Need I say more? Imagine if they had adjusted them for inflation! No wonder people go to Canal Street for the knock-offs. *suck teeth*

Moreover, the decreasing price of fashion has these folks shook.
While fashion deflation may be good news for consumers, it is not necessarily so for stores. Such prices at the low end and, conversely, such high prices at the luxury end, where $1,300 handbags are piled up like tomatoes at Saks Fifth Avenue, are beginning to cause concern among retailers and analysts, because they are having a profound impact on the way people shop.

“Everything we pick up today has to pass a test,” said Candace Corlett, the president of WSL Strategic Retail, a consulting group. During a survey of shoppers in November, 60 percent of the respondents said they had recently begun to stop and reconsider clothing purchases before buying. “To me, that is the scariest thing for retail going forward, because that is a new habit,” Ms. Corlett said. “It’s not like in 2000, when we were just buying so much stuff. We are learning now what we call the cautious pause.”

The fashion and retail industry fear that the appeal of price, for consumers of both mass and luxury goods, is becoming a more important factor in decisions about what to buy than desire, which has been the driving mechanism behind the growth of fashion and luxury for decades.

We as a business cannot afford to have a customer take a second look and ask, ‘Do I need this?’ ” said Bud Konheim, the chief executive of Nicole Miller. “That is the kiss of death. We’re finished, because nobody really needs anything we make as a total industry.” 

Wha de ass? People stopping to consider whether they actually need a hideously expensive bag is scary. Well, well, well. Especially when you consider an article in the same NYT last week, about where high-end designers buy their clothing and how much it actually costs them. A quick quote:
DEPENDING on the complexity of a style (last year Mr. Jacobs had a pants style with 15 zippers), Mr. Capolupo may charge around $50 for a pair of trousers that could sell at retail for $800.

And another:

I wondered about the difference between the money Mr. Capolupo gets for a pair of pants and the price the stores charge.

“Marc Jacobs and Ralph Lauren do pay a lot to produce their garments,” Mr. Hefner said. “They use high-quality fabrics.”

He touched a pair of navy pants on his table, by Mr. Lauren. “This is cotton from Japan,” he said. “This part is silk. The thread is German. It’s expensive. If it costs a designer $75 in total to make a garment, they charge the stores $150. The stores sell it for $300.”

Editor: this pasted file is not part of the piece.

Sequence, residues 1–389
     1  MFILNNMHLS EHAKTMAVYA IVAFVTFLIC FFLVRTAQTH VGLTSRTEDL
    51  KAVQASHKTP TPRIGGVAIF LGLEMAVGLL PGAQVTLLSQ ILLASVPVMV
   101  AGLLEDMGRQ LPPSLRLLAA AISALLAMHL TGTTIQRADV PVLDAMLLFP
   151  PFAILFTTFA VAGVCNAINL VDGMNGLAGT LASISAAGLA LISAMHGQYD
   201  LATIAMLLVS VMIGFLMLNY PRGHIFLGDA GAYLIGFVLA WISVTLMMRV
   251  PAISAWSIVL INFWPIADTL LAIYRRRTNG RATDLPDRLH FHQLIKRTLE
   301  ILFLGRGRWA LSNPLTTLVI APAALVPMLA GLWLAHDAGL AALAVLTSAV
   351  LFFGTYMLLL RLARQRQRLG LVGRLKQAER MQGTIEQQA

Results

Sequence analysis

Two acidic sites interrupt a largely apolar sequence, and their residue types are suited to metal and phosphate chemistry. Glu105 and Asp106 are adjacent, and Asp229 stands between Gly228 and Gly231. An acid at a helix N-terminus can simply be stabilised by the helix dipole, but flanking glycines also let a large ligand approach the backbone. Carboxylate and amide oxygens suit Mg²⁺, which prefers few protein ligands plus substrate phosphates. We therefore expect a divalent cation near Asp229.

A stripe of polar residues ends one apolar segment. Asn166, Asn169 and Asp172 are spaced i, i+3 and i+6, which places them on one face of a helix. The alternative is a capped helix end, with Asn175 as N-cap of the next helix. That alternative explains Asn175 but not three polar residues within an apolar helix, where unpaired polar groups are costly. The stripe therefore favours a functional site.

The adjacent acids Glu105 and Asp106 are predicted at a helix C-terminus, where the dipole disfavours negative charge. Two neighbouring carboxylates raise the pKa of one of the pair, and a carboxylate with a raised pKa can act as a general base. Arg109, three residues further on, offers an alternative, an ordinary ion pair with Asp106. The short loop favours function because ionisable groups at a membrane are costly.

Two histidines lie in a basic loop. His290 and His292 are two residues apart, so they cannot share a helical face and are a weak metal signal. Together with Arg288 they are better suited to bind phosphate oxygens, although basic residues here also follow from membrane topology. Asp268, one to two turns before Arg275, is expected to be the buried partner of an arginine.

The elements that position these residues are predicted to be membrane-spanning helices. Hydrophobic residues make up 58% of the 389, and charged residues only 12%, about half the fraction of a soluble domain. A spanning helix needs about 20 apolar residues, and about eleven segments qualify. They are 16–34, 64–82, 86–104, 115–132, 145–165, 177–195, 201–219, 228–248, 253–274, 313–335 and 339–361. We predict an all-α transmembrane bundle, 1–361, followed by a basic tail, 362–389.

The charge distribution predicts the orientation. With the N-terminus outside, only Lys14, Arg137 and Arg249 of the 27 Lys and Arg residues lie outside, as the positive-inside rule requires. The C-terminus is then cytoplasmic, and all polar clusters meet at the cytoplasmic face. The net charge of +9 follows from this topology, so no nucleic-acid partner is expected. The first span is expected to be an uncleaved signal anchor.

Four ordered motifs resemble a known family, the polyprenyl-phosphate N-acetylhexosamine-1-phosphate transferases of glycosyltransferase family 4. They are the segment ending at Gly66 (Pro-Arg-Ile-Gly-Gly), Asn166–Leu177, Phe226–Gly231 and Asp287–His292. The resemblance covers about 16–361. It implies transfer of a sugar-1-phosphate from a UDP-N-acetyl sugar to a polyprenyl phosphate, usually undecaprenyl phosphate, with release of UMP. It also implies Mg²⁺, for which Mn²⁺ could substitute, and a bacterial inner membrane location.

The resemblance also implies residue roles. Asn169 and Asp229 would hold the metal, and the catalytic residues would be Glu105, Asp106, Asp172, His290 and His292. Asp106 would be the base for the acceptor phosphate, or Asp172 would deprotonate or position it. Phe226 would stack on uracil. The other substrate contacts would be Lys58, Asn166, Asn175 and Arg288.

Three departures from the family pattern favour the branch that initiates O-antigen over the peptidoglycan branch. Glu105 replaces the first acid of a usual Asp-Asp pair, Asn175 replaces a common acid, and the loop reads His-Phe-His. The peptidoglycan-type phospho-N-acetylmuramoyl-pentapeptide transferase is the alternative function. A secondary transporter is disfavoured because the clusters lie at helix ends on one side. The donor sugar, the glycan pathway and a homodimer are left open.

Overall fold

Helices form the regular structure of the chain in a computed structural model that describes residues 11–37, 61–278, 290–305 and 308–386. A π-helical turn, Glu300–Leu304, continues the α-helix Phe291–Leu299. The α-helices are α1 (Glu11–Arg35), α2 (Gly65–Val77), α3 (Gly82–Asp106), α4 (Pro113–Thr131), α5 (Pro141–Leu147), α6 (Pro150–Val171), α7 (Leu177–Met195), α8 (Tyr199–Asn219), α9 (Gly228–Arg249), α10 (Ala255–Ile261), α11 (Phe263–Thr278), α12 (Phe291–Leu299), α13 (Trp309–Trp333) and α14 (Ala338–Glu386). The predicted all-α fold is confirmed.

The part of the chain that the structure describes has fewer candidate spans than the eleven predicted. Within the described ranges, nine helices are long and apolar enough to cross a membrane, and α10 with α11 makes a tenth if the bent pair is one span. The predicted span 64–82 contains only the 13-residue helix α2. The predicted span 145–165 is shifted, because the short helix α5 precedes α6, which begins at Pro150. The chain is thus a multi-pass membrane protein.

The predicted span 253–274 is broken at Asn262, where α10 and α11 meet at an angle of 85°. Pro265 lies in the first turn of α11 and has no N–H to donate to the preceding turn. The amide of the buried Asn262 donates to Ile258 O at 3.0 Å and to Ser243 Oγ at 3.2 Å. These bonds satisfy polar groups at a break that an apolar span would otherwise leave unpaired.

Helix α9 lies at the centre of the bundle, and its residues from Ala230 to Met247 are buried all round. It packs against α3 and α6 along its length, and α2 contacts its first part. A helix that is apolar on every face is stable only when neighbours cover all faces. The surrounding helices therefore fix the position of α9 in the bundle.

“But a pair of designer pants costs twice that,” I said.

“A lot of it is branding,” Mr. Hefner said. “Some customers want to buy expensive stuff. Also, it cost a lot to run a fashion company. The staff, the rents, the shows. Every time you open a magazine, you see a Ralph Lauren ad. That costs money. People pay for the marketing when they buy the magazine, plus when they buy the garment. But they live the life of wearing those clothes. It’s worth it to them.”

I asked Mr. Hefner if it made him cynical.

“No,” he said. “Fashion is fashion. You can either buy a $50 pair of pants or a $500 pair. They’d probably both be just as durable but there wouldn’t be fashion. There’d just be stuff.”

I beg to differ. But I may be biased I think having style comes from within yourself and is personal, rather than coming from a designer and being a public display of wealth.

But like Mr. Hefner said ... it's worth it to some people. Thing is, I think a lot of people convince themselves the designer stuff is actually better when what they are actually buying is imaginary, a figment of some marketers' imagination. Obviously it is to some extent, but it's not so many times better that a quality mid-range brand rather than a luxury brand would not have sufficed.'s worth it to some folks.

1 comment:

  1. the thing about some designer clothes is that sometimes it's just so much more long lasting, so it can definitely be worth it. my clothes fallls apart too soon from "fast fashion" places. sometimes i end up spending about the same in the long run than if i just invest on some nice, classic pieces. but i only buy my stuff on sale or sample sales, but i can't always make it to sample sales.

    there's sites like that have sample sales online, too. that makes my life so much easier! they're even having a dvf sample sale on june 3rd. i can score a dvf dress without that 71% price increase. : )